The biggest change in the Redmi Note 6 Pro, compared with the Redmi Note 5 Pro, is with the camera hardware. There are four cameras on board, in total. There is a 12-megapixel (
1.4 microns pixel size and f/1.9 aperture) and a 5-megapixel camera (1.12 microns pixel size and f/2.2 aperture) combo at the back, as well as 20-megapixel and 2-megapixel sensors at the front for selfies and video calling. There is also the heavy reliance on artificial intelligence (AI), which Xiaomi says can detect as many as 32 scenes and alter the settings automatically. In our testing, photos with AI turned on looked very good for the most part, and there were no inaccuracies because of aggressive colour boosting or sharpening.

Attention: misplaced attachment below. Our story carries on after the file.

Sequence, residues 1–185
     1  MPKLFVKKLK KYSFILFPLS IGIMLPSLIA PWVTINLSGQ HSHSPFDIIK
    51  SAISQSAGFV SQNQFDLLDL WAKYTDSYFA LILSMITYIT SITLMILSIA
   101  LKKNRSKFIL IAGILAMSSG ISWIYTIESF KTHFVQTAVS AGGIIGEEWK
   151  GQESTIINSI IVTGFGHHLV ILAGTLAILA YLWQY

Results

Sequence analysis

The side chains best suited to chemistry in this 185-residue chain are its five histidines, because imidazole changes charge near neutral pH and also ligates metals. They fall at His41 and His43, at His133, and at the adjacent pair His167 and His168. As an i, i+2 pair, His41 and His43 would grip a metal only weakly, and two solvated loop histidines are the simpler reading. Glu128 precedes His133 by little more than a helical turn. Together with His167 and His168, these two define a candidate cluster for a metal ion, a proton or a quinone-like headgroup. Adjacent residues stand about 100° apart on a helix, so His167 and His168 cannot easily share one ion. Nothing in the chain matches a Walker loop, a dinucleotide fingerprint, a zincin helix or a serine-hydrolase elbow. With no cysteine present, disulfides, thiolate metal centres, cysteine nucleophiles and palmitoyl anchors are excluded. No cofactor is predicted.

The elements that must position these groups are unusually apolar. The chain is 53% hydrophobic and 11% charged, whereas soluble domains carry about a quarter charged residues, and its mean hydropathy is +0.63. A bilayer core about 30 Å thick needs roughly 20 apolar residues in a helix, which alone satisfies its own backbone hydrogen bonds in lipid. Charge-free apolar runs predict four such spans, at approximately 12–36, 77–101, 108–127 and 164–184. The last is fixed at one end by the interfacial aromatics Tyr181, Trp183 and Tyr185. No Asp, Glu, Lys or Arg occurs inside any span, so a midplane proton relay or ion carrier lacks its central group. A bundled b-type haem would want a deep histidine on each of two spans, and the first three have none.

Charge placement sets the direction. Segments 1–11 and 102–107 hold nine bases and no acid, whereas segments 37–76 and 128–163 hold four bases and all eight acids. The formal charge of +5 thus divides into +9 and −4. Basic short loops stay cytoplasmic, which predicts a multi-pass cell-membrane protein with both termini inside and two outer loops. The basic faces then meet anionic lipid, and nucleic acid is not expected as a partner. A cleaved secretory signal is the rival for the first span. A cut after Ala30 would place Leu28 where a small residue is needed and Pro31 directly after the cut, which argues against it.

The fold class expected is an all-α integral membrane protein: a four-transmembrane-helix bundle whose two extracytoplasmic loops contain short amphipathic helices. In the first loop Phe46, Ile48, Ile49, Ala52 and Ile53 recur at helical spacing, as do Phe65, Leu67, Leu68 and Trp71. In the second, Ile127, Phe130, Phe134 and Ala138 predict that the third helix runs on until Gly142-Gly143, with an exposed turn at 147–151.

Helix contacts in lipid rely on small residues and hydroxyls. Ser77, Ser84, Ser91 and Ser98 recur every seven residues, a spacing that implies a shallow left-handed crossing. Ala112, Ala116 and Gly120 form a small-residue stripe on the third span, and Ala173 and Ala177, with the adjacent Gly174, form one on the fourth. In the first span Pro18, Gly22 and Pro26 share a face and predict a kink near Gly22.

The Redmi Note 5 Pro had done fairly well as a camera if you were clicking photos in good lighting but struggled a bit for colour accuracy and detailing if the lighting wasn’t adequate. The fact that the 12-megapixel sensor now has larger pixels helps capture more light, which enhances the overall look of the low-light photos. You still need to manually tap-to-focus from time to time, but the end result is significantly better than before. Daytime photos look rich and vibrant, and definitely better than what most other phones in the same price range can manage. One thing that needs a bit of work is the fact that focus is a tad softer around the edges of the frame, which a bit more noticeable in certain photos. However, the Redmi Note 6 Pro is clearly a step up in terms of photography performance.